“The issue we had was he wasn’t using it because, quite frankly, he knew he could get everybody out fastball, breaking. It’s like, ‘I’m throwing 98, why would I throw something 89 mph and let them hit it?’ “
But talent alone doesn’t make a prospect great. Crouse has found a routine between starts and before them, one that includes yoga to put his mind at ease and relax his body, and his make-up has been far better than widely advertised while he was in high school in California.
“He’s been great,” Tingler said. “We let him be himself. Every team he goes to, he’s a great teammate and all his teammates love him, and the coaching staffs rave about him. I can’t say enough about his character and makeup.”
None of the seven pitchers in the Star-Telegram’s Top 10 prospects list is a problem child. Though none of them has pitched above Double A, there are more arms than just Crouse.
Spots 4 though 10 are occupied by pitchers, and one from the 2018 draft class, first-rounder Cole Winn, is ranked. Second-rounder Owen White just missed the list, as did shortstops Chris Seise and Anderson Tejada.
But a pitcher was No. 1, and he says that good things are on the horizon.
“We definitely have some talented guys coming up through the org,” Crouse said. “A lot of guys throwing quality strikes. I’m pretty excited about what the future could hold for the Texas Rangers.”
Which upper level pitcher are you guys the most excited to see get a shot next year?
Springs, Sampson, Mendez, Jurado, Sadzeck, Pelham, Hernandez, or Hearn?
I like Hernandez the most, but I think he needs a lot more minor league innings. I feel the same way about Hearn and Pelham.
I really don't have a good feeling about Jurado.
It would be really great if Mendez could become a solid #4 or even a #5 starter.
Pretty well sums up my opinion except guys like Hearn and Hernandez we can maybe bring up later in season. Mendez too. Going to still need AAA depth
Also curious about Volquez
Yes, Volquez and Chi Chi are the unknowns.
We need a sticky thread where we can keep up with long term predictions and projections like when these guys will arrive from the minors for good. I put a couple of things like that in the season prediction thread lately, but I am not sure how hard that will be to find when we want to go back and look.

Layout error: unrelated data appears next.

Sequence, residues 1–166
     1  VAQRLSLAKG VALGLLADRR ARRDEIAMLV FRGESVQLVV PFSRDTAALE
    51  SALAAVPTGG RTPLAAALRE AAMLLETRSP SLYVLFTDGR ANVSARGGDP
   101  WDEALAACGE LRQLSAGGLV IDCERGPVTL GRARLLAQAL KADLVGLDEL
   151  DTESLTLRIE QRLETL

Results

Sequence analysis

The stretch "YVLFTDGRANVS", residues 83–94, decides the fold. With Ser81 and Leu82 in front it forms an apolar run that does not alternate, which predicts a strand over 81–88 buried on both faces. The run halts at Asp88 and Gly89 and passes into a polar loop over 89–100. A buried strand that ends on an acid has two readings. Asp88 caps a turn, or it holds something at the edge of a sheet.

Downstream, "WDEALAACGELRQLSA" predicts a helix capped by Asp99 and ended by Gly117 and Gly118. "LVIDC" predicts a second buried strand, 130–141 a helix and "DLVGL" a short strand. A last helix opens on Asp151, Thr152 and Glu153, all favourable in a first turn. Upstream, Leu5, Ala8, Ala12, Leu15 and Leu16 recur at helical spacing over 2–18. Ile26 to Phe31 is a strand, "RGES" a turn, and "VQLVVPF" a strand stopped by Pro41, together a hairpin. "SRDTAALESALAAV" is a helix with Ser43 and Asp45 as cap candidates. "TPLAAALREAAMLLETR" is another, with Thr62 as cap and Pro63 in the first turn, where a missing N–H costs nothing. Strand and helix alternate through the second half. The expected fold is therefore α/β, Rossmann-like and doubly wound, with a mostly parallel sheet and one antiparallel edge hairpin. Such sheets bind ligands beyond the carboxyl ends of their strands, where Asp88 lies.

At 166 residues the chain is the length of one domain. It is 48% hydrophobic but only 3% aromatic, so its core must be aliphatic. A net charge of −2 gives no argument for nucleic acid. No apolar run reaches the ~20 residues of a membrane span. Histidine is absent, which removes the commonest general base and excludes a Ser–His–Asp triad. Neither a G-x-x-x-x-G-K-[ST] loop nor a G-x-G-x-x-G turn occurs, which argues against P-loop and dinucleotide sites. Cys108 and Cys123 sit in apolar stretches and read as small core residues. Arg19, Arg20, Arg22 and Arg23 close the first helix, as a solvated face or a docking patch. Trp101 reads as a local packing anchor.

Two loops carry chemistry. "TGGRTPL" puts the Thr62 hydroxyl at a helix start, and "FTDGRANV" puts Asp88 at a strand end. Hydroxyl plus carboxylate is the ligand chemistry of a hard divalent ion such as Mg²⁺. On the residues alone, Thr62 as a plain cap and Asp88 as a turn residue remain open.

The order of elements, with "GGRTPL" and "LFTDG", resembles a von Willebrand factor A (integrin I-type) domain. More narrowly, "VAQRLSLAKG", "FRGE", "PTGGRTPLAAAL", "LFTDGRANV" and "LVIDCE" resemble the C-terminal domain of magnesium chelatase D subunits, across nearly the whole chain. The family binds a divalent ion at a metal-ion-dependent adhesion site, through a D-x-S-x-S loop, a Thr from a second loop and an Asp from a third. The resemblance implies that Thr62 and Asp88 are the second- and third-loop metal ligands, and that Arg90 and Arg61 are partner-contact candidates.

Kinda wish that version had showed up in the World Series.
Looks like Profar had a good game last night. Beltre is improving and seems to maintain with a DH part time 3B role. I bet he wants to continue to play a year. How to make this work is going to be interesting
It goes against what they are trying to do to rebuild the team.
I'm leaning towards Beltre hanging them up.
Agree. He may not hurt the team but not much help either and he knows it.
Those pre-draft make-up concerns with Crouse? ‘He’s been awesome’
Off to instructs
The top five players in the rankings reported Wednesday to the instructional league in Surprise, Ariz., and only one of the top 10 won’t be in the annual postseason camp for minor-leaguers.
Only No. 8 Joe Palumbo, who finished the season at Double A Frisco on the comeback trail from Tommy John surgery, won’t head west. No. 9 Tyler Phillips, No. 7 Taylor Hearn and No. 6 Jonathan Hernandez will report Tuesday and stay through the end of the week.
They will not throw, however, and they are not on the instructs roster. Neither is No. 10 Cole Ragans, who is six months out from Tommy John surgery and only late in August started a throwing program.
No. 5 Cole Winn figures to be the busiest of the top 10. The right-hander, selected in the first round of the draft in June (15th overall), did not pitch for the rookie-level AZL Rangers this summer but will make five one- or two-inning appearances over the next month.
Julio Pablo Martinez, ranked No. 3, will stay in Surprise after instructs to participate in the Arizona Fall League. That should represent a significant jump in the level of competition for him after spending is first season in the U.S. at Short-Season A Spokane.
Separate names with a comma.